Transgender folks are a big and important part of LCFD. Some folks aren’t sure how to interact around gender issues, and some folks make mistakes without realizing it. Here are a few hints we hope you’ll ﬁnd helpful in making our community more trans-inclusive.
Respecting Pronouns:For many trans folks, pronouns matter a lot (more info under Deﬁnitions, below). This is one of the simplest and most powerful ways to be a supportive trans ally:
- Ask about pronoun preference. If you make a mistake, brieﬂy apologize and move on (and make a mental note to get it right next time). If you keep getting pronouns wrong for the same person, try harder. Practice at home if necessary.
- If someone else gets a pronoun wrong, take the time to correct them.
- If someone corrects you (whether it’s a trans person or an ally), try to avoid being defensive; e.g., avoid explaining how a preferred pronoun doesn’t match someone’s gender presentation.
Some folks, both trans and non-trans, feel quite comfortable with male/female gender roles while others, both trans and non-trans, have been hurt by gender stereotypes. Since we’ve all been socialized by a gender binary system, thinking outside of this can be overwhelming and confusing at ﬁrst, but it’s an important step in respecting everyone's identity:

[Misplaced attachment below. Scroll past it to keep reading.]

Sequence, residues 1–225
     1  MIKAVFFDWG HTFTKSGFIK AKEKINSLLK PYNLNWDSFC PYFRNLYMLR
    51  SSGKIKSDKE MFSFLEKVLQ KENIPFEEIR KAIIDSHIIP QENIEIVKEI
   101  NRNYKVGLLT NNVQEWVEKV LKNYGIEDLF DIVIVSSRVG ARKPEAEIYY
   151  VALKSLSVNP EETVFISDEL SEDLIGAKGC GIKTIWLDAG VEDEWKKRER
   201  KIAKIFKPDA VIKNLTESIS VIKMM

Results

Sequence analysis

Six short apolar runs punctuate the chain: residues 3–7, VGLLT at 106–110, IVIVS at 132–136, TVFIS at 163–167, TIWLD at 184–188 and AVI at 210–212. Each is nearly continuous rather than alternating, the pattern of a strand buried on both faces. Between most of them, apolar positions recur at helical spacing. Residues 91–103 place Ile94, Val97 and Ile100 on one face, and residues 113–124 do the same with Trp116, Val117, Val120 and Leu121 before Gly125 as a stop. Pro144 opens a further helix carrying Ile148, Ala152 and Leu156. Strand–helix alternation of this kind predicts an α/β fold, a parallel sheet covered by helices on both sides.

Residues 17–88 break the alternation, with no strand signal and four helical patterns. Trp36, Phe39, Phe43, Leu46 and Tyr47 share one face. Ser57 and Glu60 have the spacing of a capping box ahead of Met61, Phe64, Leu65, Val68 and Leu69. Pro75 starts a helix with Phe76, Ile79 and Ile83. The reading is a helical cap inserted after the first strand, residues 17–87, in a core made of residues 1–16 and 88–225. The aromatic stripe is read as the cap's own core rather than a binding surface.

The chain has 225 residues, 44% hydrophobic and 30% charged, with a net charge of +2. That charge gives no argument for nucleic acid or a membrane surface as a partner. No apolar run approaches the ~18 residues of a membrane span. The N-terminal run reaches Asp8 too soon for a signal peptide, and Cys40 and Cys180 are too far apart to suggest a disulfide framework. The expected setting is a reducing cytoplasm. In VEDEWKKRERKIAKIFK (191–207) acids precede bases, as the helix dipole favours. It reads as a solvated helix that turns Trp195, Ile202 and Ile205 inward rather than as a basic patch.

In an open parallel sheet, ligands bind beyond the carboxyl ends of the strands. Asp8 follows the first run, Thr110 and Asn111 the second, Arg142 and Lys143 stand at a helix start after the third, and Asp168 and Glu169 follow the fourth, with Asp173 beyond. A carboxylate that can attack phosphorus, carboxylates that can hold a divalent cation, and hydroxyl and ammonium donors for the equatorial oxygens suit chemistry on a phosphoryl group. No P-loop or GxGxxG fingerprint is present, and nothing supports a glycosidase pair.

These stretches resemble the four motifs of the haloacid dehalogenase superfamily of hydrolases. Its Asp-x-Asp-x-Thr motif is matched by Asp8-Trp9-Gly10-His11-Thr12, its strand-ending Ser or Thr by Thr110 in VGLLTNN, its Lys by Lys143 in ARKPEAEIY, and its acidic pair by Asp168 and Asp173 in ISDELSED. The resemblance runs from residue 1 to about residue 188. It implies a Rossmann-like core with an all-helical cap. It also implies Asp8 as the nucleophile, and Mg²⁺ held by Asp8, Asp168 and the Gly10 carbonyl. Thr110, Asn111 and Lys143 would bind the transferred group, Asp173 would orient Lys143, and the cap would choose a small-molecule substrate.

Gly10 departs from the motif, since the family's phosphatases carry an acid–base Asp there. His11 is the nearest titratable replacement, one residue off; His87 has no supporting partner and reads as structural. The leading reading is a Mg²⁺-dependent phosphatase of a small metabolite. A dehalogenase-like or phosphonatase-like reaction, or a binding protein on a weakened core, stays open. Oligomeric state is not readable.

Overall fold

- Never ‘out’ a trans person or disclose their identity history unless you have their explicit permission. This is extremely important for the safety and comfort of trans folks.
- Accept how a person identiﬁes even if it doesn’t make sense to you. If someone has told you how they identify, don’t continue to make other assumptions about their identity. If you think someone is “really” one sex even though they’ve told you they’re another, you're mistaken.
- Avoid comments and try to avoid attitudes about how well or poorly someone ‘passes’. Not every trans person is trying to pass, or wants to.
- Remember, unless you’re hoping to directly interact with someone’s genitals, they’re none of your business.
Being a Trans Ally:
Trans folks spend a lot of time educating people around them (families, co-workers, friends, etc.) It can be draining. Advocate for your trans community members:
- Educate yourself. Take the time to look things up when you come across a new pronoun, identity, or lingo you’ve never heard. There are lots of trans-related books, websites, ﬁlms, and workshops. (We list some below.)